Who Can Afford To Be Vegan?

News & Politics
what can you afford?
I'm not a vegetarian. I eat fish and if I have the choice to eat vegetarian -- I do. I don't like red meat and chicken is almost out the window. But when I stand in line for my lunch at the cafeteria, I almost always grab the vegetarian box. And when I look around, it seems a lot of other people go for the vegetarian option as well. A few people go the extra mile and choose the vegan option.

I think that it is great to eat healthy and support animal rights and go as far as to implement those beliefs in your daily diet. Hey, I even participate myself to a certain extent. However, I find myself torn time and again over what I like to call the "privileged diet."

Let me explain. The whole idea behind eating vegetarian and vegan is awesome in theory. But my question is, who is privileged enough to participate in this phenomenon? Is it the poor African-American family living in the ghettos of Los Angeles? Is it the Mexican farmers in Mexico who farm for survival? Is it the under-privileged families in the South? No, it is those that are privileged enough to be able to CHOOSE where their food comes from as opposed to eating whatever is available. The vegan and vegetarian food market is too expensive for many people to afford.

The USDA recently reported that between 1996 and 1998, about 10 million American households did not have access to enough food to meet their basic needs. In fact, the Food Security Institute at the Center on Hunger and Poverty at Brandeis University in Massachusetts recently released a national report ranking the state of Oregon as the number one state in hunger, with Washington pulling in at second hungriest. Researchers say that rural isolation and high cost of living are factors that contribute to the findings. When that much of the American population can barely afford to survive, who has time to think about buying overpriced vegan ice cream?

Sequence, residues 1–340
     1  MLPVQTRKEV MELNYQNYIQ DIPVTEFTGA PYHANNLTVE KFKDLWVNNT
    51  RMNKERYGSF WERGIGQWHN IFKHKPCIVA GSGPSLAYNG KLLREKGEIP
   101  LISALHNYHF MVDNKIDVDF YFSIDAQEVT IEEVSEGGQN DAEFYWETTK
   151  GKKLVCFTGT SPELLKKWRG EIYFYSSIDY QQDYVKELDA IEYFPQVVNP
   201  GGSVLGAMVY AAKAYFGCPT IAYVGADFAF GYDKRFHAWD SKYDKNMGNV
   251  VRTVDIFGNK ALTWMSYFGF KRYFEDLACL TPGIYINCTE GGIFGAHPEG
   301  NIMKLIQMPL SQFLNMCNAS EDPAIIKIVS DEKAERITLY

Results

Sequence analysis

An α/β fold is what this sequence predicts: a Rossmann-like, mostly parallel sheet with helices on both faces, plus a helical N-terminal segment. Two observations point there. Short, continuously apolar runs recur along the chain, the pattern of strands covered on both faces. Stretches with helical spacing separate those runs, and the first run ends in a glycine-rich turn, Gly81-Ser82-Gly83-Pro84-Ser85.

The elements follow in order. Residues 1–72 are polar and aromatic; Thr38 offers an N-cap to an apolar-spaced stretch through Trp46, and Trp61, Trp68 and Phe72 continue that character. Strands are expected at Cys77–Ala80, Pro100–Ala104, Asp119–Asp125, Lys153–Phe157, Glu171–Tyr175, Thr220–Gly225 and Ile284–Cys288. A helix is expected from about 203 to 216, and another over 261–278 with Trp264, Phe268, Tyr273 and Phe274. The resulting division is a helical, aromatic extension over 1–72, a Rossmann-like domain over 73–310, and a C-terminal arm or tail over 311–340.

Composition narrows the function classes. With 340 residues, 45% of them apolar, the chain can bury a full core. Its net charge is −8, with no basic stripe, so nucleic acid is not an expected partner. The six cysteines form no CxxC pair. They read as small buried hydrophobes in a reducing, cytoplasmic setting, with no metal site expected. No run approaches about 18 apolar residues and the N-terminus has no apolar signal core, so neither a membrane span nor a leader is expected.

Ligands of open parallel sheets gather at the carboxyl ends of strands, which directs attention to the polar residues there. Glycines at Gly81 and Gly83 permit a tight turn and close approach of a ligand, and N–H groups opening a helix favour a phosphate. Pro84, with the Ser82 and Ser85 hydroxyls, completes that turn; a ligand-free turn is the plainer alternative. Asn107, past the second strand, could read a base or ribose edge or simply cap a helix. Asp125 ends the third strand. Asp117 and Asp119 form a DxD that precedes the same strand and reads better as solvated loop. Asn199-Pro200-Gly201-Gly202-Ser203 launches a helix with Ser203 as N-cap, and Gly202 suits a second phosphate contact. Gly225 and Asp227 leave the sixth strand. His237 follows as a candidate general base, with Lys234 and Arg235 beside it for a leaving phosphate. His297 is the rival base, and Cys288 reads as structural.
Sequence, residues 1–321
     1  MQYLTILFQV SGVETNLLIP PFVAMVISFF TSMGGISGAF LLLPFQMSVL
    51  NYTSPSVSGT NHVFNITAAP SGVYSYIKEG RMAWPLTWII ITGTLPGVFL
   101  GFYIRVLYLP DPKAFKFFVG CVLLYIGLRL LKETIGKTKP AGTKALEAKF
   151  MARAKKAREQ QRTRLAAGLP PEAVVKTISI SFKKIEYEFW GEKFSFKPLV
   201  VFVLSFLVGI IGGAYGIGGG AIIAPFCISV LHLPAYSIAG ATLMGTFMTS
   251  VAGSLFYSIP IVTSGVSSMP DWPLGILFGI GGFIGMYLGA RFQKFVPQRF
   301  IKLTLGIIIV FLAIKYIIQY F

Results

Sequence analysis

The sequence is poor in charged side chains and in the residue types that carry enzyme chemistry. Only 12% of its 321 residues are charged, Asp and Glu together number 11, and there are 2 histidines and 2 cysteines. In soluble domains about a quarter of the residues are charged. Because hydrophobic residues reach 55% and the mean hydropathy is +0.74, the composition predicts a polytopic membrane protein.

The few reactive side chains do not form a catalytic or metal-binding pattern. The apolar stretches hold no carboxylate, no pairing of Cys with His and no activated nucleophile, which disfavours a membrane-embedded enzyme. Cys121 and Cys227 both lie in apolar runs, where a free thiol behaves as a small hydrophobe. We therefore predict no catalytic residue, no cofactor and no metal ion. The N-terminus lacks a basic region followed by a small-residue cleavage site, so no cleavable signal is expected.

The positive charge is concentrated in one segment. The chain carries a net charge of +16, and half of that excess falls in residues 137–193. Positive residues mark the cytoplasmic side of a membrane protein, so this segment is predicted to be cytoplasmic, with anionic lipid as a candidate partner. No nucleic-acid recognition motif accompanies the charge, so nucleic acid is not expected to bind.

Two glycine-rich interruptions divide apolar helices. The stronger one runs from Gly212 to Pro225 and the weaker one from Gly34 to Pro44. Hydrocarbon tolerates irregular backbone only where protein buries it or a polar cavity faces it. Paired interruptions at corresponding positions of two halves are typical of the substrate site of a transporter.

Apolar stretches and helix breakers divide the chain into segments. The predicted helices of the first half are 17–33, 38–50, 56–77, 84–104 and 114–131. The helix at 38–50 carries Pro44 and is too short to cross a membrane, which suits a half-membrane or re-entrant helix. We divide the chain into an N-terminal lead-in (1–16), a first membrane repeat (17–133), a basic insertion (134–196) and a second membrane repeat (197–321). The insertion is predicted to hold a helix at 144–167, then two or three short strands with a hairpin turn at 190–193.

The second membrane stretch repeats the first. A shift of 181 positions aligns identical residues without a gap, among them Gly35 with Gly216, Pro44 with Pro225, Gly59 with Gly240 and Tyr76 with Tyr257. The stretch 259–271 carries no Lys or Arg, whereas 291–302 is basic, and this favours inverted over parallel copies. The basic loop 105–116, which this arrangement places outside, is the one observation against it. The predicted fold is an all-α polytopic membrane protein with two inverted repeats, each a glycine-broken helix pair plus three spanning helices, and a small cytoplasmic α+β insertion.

Studies have shown direct correlations between poverty and obesity or health problems. Is it fair that the impoverished continue to consume unhealthy foods that are affordable to them, while those who can afford health care -- and even a gym -- eat "healthy" vegan and vegetarian meals? That is not to say that poor people do not have the right to eat vegetarian or vegan, because they definitely do. And believe me, I know plenty of vegans that are poor and opt for no food over animal food. But in general, most people who swing to the veggie side can afford to fund their preferred diets.

In the San Francisco and Sacramento school districts, concerned parents petitioned to have healthier school meals for their children and the districts responded. This proves that at least some regions are beginning to realize that the processed foods in subsidized school lunches are harmful to children�s health.

Scientists have shown that milk consumption in children leads to so many infections and conditions like asthma. They have also shown that the human body was not built to consume any other milk than breast milk. Yet, we continue to enforce the idea that the more milk, the better. If we could get the government to subsidize veggie options to schools, we would have children from lower socioeconomic backgrounds benefiting from healthier meals. Unfortunately, this does not seem like something that will be happening any time soon.

So we will continue to allow this gap in resources to widen. Those who can eat well will continue to do so. And those who can't will continue to eat 49-cent cheeseburgers at McDonalds. I will grab many more veggie sandwiches in my life, because I have a choice, but I will always keep in mind the privileges that I enjoy over a child who gorges herself on unhealthy, processed foods because that is all she can afford.

Jennifer Contreras, 21, is a senior journalism student at University of La Verne in Southern California.

* Read a response to this article by a vegan. *

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